Boring After School Activities

By: Karen Fusco

Why does Lisa grumble when it's time for her to go for her piano lessons? How come Jack abhors the sight of his skates now? After all, these kids were very enthusiastic about the programs when they started off. What happened? Parents are often confused by the disturbing and often incongruous signals they receive from their kids. One day they're excited about the new theatre class and in just a few short weeks they wail and moan when it's time to go.

The first thing a parent should do when your child begins resisting a previously loved activity is to listen and investigate. Don't immediately jump to conclusions. A bit of intelligent sleuthing is required. Ask your son what he does in the class. Try to find out what exactly is the cause of his problem. Then ask the teacher or leader the same questions. Compare notes. You may stumble on some important clues.

Usually, children start out with a new activity thinking it's all fun and games. But when they realize they cannot just hang out and that they need to follow rules, they begin to resist and rethink. Your child may feel stifled if the program is too highly structured. If the discipline is too rigorous or the activity too painful (like a karate or ballet class), some children balk. Use your own instincts. Does the program feel like fun? Would you want to attend it yourself? Are they offering enough motivation to keep your child interested?

The teacher-to-child ratio is also an important factor. All children need attention. If the number of teachers is just enough to handle a class, it's possible that your child is not receiving enough personal attention. State recommendations usually specify that there must be 1 teacher for 15 children in an after school program. Try observing one class to see how things are handled.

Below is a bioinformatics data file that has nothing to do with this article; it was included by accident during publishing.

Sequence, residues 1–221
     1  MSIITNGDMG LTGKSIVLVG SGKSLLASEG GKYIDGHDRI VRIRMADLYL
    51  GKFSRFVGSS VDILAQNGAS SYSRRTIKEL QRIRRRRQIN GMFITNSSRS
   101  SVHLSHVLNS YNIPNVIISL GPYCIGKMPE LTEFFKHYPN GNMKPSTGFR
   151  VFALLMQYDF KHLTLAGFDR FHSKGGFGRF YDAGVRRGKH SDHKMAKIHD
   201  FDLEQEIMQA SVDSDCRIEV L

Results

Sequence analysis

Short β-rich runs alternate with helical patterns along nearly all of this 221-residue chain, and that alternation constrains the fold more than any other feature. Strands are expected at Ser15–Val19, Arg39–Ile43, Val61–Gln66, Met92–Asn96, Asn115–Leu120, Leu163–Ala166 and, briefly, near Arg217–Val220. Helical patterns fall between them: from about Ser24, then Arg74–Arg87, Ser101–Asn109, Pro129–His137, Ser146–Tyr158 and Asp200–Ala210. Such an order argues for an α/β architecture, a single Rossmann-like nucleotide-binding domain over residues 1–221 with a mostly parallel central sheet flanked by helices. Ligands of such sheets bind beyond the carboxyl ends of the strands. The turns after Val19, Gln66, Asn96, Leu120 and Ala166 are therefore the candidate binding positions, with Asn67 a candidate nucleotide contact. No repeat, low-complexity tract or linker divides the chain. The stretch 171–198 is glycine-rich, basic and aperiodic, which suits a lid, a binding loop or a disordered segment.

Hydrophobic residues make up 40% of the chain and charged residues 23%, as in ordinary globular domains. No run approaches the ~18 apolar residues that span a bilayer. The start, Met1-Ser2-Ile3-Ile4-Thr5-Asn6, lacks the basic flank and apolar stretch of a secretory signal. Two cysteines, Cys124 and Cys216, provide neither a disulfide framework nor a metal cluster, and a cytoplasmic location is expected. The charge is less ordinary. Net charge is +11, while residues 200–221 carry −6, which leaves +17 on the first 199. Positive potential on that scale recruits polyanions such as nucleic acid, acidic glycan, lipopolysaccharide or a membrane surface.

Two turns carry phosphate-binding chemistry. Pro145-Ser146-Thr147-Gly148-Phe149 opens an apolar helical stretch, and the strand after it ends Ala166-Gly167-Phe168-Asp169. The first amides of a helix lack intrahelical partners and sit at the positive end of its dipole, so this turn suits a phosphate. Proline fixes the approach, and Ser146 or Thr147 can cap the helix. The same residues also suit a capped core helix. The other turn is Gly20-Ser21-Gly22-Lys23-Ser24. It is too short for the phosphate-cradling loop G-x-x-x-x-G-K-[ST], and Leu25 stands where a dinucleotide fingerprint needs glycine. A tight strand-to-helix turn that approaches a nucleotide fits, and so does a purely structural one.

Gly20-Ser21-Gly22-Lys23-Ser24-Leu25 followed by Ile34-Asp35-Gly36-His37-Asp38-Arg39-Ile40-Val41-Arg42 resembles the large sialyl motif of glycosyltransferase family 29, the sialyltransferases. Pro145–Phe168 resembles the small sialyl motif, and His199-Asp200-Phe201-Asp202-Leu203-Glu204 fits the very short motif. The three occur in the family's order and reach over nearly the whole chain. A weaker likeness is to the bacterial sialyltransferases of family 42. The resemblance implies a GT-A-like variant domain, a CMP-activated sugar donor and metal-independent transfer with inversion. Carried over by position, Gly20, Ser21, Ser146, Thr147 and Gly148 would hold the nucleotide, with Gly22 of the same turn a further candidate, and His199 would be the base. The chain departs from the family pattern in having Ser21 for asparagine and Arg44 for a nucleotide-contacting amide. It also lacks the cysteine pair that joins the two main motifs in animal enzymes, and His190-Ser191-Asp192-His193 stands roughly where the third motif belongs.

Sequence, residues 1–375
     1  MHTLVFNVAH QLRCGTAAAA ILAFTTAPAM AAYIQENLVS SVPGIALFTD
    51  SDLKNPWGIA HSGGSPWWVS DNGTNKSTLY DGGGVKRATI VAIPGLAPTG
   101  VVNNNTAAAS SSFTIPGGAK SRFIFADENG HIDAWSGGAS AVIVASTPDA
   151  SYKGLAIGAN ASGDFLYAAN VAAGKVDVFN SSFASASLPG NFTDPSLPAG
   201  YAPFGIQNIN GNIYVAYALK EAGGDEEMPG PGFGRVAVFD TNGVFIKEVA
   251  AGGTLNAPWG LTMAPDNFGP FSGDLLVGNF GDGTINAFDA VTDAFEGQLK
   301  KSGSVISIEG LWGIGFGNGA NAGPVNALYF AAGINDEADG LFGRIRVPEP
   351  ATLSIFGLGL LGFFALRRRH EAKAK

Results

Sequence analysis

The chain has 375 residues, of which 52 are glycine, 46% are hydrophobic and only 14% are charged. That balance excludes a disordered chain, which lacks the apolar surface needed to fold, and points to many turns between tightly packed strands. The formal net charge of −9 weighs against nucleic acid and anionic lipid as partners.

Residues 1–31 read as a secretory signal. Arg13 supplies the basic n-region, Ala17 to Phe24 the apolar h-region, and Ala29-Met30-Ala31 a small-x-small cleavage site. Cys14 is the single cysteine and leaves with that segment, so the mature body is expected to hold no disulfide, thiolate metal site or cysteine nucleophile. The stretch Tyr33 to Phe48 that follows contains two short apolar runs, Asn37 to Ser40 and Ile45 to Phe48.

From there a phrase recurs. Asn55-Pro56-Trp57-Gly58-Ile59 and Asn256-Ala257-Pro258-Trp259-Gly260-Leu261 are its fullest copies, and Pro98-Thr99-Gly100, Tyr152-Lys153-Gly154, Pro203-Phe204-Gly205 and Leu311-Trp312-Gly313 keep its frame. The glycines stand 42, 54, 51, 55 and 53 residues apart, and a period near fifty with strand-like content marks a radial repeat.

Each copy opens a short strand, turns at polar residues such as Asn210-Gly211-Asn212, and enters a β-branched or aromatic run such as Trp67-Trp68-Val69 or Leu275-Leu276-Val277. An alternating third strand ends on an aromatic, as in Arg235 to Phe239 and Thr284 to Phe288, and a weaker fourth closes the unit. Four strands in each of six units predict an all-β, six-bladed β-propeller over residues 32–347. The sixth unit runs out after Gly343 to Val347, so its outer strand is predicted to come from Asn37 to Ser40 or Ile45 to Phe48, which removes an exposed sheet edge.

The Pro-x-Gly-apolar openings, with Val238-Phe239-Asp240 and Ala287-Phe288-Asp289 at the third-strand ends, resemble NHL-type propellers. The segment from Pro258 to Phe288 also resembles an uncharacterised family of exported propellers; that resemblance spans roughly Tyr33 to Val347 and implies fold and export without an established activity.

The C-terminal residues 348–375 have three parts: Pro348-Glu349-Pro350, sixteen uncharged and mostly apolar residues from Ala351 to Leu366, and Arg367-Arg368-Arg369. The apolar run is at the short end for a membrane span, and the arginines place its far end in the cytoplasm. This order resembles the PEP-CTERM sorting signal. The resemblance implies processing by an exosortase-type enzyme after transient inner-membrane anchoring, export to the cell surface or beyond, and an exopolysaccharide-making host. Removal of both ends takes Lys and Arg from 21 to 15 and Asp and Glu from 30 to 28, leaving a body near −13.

Children try to avoid problems they can't solve. If there are no apparent problems with the class or the teachers, perhaps you need to have a chat with your child. If your judgment says that the place is good and the activity engaging enough, then it's time to work with your child. More often than not, social pressures may be at work here. Does your child have friends there? If she is lonely or miserable because of the lack of friends, help her find a friend. If she finds a friend, she'll get more involved in the activities.

If your best efforts don't pay off and your child still resists that fantastic guitar class, then it's time to let go. Shift her to some other program that will be fun and interesting. If she still retains interest in guitars, you can revisit guitar lessons again after a few months. Never force her, especially when it comes to extra-curricular activities. Since they are 'extra', they must bring in extra happiness and extra enthusiasm too.

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